This summer, backyard barbecues are getting a lot more complicated. Deciding whether or not to add meatless burgers or some tasty mocktails to the list is right up there with figuring out how to maintain six feet of distance between your guests. So, no communal cooler, no après-meal games and… absolutely no fun? Not necessarily.
First, the good news: Most of Canada is now in some stage of opening up post-lockdown. This means social gatherings of up to 10 people are allowed, but there are still guidelines in place to stay as safe as possible. As the host, you have the obligation to set the tone and expectations for gathering.
We talked to experts about how to keep your backyard gatherings safe, without killing all the fun. Here’s what you need to know:
Make sure there’s enough space available
Outside is definitely the way to go, says Vinita Dubey, MD, Toronto Public Health spokesperson and Associate Medical Officer of Health. If there’s not enough space for social distancing in your backyard, pick a park as a meeting place. “Make sure that the seating, even before the guests arrive, is separated by 6 feet,” says Ali Raja, executive vice chair of the Department of Emergency Medicine at Massachusetts General Hospital and an associate professor at Harvard Medical School. In a park, Raja suggests laying out blankets to give people designated places to sit.
Set expectations right away, so there’s no guessing
“If you’re not wearing a mask or gloves when you serve the food, one of two things is going to happen,” says Raja. “Either your guests are going to become lax in their practice, or your guests are going to turn around and leave.”
Back away from the buffet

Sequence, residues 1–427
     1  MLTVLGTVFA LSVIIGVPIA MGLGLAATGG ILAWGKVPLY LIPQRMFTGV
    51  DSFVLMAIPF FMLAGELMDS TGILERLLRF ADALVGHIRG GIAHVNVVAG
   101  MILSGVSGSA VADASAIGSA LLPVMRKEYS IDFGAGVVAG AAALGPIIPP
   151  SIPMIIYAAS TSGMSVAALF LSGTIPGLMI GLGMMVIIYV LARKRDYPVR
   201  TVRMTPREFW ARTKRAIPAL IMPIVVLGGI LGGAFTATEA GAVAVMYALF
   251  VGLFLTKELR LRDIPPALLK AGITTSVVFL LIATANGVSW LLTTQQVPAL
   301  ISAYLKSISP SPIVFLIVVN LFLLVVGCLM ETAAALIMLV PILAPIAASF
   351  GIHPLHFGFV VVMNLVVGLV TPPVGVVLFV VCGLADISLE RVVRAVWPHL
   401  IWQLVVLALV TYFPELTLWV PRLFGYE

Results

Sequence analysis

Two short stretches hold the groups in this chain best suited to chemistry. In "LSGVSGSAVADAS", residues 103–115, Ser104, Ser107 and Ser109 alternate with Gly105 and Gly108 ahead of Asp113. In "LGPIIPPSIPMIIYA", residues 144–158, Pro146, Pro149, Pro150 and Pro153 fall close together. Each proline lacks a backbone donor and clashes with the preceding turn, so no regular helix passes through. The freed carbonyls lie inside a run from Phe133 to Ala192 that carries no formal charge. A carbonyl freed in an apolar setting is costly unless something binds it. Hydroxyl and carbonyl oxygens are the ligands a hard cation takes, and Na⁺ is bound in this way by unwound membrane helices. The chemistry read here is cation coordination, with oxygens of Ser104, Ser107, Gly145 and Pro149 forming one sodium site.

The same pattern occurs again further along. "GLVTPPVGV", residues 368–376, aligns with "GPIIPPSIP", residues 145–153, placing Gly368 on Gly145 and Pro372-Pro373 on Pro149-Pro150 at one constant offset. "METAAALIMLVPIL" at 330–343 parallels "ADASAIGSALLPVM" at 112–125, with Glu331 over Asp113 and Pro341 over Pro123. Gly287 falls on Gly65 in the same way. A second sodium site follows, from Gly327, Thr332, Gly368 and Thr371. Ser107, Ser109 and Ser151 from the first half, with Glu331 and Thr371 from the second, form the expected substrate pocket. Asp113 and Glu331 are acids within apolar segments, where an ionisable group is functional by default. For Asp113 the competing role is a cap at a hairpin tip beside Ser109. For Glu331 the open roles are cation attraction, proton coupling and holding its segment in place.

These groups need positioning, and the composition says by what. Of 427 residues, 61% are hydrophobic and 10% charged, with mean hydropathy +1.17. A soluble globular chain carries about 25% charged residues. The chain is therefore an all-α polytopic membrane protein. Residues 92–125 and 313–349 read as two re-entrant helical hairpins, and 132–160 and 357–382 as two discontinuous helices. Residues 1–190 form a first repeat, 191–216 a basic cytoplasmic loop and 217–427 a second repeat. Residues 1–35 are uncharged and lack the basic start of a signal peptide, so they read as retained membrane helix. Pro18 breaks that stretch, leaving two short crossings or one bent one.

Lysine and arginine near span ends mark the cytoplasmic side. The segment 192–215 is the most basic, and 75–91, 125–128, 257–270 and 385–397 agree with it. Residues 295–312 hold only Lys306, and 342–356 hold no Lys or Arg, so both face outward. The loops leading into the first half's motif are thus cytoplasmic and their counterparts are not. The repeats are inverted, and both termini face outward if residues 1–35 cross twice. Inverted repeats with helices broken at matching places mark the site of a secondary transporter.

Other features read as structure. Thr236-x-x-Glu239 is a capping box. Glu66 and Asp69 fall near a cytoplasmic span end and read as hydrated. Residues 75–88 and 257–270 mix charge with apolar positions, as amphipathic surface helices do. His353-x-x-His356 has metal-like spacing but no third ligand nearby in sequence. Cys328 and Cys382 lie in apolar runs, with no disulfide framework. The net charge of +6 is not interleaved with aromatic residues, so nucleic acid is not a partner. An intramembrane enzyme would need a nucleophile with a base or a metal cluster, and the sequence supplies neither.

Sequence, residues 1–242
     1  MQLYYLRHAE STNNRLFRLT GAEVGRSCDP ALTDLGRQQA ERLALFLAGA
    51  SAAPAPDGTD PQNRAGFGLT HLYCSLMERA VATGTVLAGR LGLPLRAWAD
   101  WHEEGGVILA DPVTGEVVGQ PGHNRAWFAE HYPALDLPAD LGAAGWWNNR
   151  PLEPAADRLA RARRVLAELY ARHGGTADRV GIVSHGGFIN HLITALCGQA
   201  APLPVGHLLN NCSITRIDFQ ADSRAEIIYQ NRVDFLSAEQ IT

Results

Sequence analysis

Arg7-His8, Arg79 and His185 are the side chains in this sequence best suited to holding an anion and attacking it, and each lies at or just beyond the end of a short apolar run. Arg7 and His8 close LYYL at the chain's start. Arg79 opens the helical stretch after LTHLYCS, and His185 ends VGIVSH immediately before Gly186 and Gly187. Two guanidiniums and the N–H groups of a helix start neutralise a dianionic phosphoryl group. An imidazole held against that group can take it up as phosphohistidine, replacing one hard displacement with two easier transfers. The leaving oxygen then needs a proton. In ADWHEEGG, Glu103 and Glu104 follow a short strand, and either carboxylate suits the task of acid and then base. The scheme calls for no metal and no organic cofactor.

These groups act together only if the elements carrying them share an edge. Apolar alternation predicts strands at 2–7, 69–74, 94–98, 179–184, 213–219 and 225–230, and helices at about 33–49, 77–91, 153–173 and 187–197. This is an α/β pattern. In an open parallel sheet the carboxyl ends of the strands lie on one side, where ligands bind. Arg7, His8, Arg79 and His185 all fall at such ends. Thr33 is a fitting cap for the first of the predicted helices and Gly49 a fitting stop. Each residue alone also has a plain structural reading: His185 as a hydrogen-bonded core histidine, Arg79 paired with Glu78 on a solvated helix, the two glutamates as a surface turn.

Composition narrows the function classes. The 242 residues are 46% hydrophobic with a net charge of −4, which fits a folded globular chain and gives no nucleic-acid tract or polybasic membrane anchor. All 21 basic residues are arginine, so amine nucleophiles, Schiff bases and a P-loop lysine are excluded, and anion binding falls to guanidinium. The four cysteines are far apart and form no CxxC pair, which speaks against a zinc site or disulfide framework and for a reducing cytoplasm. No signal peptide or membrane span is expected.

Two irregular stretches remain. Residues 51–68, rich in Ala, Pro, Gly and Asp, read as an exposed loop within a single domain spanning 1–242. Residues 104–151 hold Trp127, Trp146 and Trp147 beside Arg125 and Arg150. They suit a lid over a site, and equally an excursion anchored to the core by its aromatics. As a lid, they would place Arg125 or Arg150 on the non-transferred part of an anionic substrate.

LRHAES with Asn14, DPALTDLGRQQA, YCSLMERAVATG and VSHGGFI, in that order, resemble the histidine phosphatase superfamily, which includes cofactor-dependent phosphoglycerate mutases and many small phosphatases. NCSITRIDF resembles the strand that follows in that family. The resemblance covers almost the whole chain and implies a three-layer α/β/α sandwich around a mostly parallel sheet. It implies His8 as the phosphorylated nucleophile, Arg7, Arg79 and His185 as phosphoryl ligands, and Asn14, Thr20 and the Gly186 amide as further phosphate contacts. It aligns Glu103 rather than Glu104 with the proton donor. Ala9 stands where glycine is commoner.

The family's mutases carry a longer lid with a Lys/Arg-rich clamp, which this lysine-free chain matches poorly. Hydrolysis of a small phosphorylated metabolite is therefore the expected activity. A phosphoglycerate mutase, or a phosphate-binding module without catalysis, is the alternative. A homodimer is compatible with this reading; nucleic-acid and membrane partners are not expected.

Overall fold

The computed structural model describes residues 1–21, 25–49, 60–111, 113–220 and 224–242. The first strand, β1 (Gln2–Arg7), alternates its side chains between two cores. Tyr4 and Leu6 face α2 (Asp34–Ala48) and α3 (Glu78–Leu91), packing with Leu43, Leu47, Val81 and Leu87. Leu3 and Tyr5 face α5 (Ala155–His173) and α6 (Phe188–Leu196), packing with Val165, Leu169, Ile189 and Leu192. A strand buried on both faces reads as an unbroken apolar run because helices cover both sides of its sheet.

Potluck and buffet-style gatherings are not recommended. Instead, prepare the food on each plate and have each guest, one by one, pick up a plate for contactless serving, says Dubey. If you feel the need to have a communal place for people to get more food or toppings for their burgers, avoid having shared serving utensils, and have hand sanitizer for guests to use before and after touching shared items, says Raja.
Use disposable dishes
Raja wouldn’t normally recommend disposables because of the environmental ramifications, but this year is different. Washing reusable dishes can expose you to unnecessary risk, he says. It also helps to place a few trash cans in different areas in your backyard to minimize the risk of guests congregating at the bins.
Have your guests BYOD (Bring Your Own Drinks)
“Ideally, you want people to have individual drink containers,” says Raja. Refrain from having a communal cooler, where people have to dig to find what they’re looking for. Not possible? Have hand sanitizer available for guests to use before and after.
How to handle the washroom
In a perfect world, everyone holds it until they are home. But if someone can’t, you can ask them to wear a mask, go straight to the washroom and come right back out, without touching anything unnecessarily (and make sure you disinfect it before the gathering). Raja suggests having hand sanitizer for guests to use right before they enter your home, and plenty of soap in the washroom for them to use afterwards. When the gathering is over, clean the washroom. “Surfaces that are frequently touched can be wiped with a disinfectant,” says Dubey.
What to play
“If games are played, it is important that physical distancing is maintained,” says Dubey. “If balls or items that are touched are used, then washing hands before and after their use will also be important.”
Can guests swim?
“At this time, there is no evidence that COVID-19 spreads in the water,” says Dubey. If your pool is large enough to allow for physical distancing, it’s safe to invite guests in for a dip.
Sanitize, sanitize, sanitize, and yes, wear your mask
Dubey and Raja both agree that the most important barbecue essential is hand sanitizer. Put bottles in multiple locations, including at the entrance. Raja also recommends wearing masks. “I know it doesn’t make for the greatest socialization, but we’ve all been wearing masks for long enough now that I think we’ve learned how to communicate effectively using visual clues and using our eyes.”